The second alteration involved digits according to Tatopolous. "When I went and had to apply this design to a man in a suit, at least some aspect of it, I realized the creature would have four fingers and a man has five," Tatopoulos explains, "I didn't want to put two fingers into one finger and make everything very bulky, so I told the actor to bend his finger, and we created this sort of bump on the side of his hand with a tiny nail on it. It's like basically when he's born as a baby, he has five fingers but one kind of atrophies as he grows. That was fine and the Japanese went for it, but the toy company started to build toys out of our design and they made the bump slightly bigger, and three or four months later I got a call from Toho saying they had just seen something and that Godzilla  had five fingers. So we wound up removing the nail and adding latex in that area to disguise the finger." One problem remained, however, admits the designer. "The babies had already been shot and they had five fingers," Tatopoulos muses. "But the Japanese had seen that and said it was fine, and that 'they could be born with five fingers but as they grow, the fifth finger doesn't get used and it eventually disappears.' Everything else really stayed the same, the color and everything else they really went for. And I added another row of fins in the center but did it in a way that it didn't distract from the main design, but it's there and you can see it." With the design finally approved and the production given the go-ahead, Tatopoulos took on the second responsibility entailed in being the designer of Godzilla; physically constructing the monster.

"My task was to do the aspect of mechanical fabrication," he says. "I took care of building the suits, about seven baby suits plus a hydraulic baby for fast reactions, snapping movements. We had a bunch of suits made in 1/24 scale for guys to wear in shots where he would burst through the streets, and also the water head, which was built to 1/6 scale-this is the head that comes out of the water in the second trailer. And also we ended up building a 1/6 Godzilla  that was the biggest thing we built on the show, and it turned out to be the biggest hydraulic character ever built. The head was seven feet long, and even the T Rex in Jurassic Park  had a five foot head. The only thing the T Rex had that we didn't do was the tail. The reason for that was our tail wouldn't fit into any studio we know of. There was no way we could make a 1/6 tail so that was CG. A slightly less than 1/6 scale head and tail was also constructed for an early sequence in which the monster had to interact with a miniature tanker ship. The 1/6 head was built that size not for mechanics, but because the models it has to interact with have to be that big in order to look real, like a car and so on. Any smaller and it wouldn't work. You don't need to go that crazy in general, but we needed that head to do tight shots and action shots with models. It was fun, though, because we got to build the biggest thing ever."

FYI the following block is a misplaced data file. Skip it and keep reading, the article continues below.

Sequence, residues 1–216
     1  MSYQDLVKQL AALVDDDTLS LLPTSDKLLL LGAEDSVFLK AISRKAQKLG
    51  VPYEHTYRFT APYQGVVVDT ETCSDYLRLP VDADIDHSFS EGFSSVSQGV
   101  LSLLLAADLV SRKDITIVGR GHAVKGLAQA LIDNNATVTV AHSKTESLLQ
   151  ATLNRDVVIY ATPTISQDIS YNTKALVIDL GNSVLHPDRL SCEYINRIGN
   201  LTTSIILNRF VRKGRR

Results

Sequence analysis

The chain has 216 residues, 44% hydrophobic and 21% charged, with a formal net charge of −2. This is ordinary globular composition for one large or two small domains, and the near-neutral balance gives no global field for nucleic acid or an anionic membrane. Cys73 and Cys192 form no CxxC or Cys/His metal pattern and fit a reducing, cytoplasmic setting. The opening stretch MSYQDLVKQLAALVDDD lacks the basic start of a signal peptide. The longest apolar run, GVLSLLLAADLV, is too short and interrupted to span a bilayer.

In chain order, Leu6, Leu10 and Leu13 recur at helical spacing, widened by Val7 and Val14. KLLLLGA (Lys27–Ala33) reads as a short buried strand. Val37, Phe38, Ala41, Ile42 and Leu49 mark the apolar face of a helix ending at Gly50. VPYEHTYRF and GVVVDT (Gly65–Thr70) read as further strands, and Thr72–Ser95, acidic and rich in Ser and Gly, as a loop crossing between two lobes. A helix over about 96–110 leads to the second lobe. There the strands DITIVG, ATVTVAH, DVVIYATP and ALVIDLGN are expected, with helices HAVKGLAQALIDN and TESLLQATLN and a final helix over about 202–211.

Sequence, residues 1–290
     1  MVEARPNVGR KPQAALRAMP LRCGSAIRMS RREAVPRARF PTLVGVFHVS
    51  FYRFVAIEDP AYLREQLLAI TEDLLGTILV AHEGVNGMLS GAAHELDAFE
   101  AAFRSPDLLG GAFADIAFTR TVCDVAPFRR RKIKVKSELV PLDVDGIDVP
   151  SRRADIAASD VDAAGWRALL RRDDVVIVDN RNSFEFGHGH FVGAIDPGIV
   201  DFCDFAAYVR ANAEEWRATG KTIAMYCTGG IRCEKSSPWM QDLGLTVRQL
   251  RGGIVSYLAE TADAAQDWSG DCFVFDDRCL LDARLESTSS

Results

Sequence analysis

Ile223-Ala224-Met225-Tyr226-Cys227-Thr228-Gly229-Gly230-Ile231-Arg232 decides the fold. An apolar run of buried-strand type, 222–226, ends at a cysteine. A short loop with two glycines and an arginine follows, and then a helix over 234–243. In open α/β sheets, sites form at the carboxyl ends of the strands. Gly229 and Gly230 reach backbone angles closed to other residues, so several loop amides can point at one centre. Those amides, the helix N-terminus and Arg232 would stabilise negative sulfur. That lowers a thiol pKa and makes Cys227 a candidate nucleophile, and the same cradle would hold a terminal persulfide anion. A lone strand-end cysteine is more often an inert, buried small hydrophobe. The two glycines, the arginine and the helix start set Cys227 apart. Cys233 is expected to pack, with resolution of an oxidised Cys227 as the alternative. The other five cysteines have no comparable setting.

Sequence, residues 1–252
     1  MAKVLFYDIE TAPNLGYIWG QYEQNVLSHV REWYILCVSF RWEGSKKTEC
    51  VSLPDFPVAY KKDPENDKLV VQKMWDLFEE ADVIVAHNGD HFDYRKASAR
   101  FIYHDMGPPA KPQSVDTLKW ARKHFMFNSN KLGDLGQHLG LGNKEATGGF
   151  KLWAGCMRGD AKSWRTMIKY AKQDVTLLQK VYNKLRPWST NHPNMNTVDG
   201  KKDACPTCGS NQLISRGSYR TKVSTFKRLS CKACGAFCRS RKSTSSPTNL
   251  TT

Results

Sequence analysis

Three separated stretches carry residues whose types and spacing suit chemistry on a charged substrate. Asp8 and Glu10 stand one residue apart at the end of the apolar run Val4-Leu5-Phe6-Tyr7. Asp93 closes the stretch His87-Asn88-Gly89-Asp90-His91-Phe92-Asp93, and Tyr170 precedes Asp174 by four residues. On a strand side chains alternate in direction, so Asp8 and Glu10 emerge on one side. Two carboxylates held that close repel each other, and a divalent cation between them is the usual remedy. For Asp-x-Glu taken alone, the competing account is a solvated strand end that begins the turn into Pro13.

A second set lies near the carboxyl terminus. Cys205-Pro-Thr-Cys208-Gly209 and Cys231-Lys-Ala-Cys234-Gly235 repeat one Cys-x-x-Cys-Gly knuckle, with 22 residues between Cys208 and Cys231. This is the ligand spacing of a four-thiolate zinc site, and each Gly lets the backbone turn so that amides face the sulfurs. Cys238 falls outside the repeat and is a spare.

While a great deal of miniature and mechanical construction was undertaken, Tatopoulos's models also served as a guide for the film's CGI creature. "The 1/24 scale model we built was actually the one that the CG people would scan into a computer when they were assembling the colors and the scale, to make sure that all of that matched and to set up the look of the creature in the computer at the beginning," Tatopoulos points out. "I also worked early on with motion capture before we pulled away from that, when Roland was experimenting with a man doing choreography with motion capture to see if we could go that way. We did some of that for two or three months and the guys who were wearing my suit were also wearing motion capture equipment because they were learning to move in a certain way and we were trying to pull all of that together."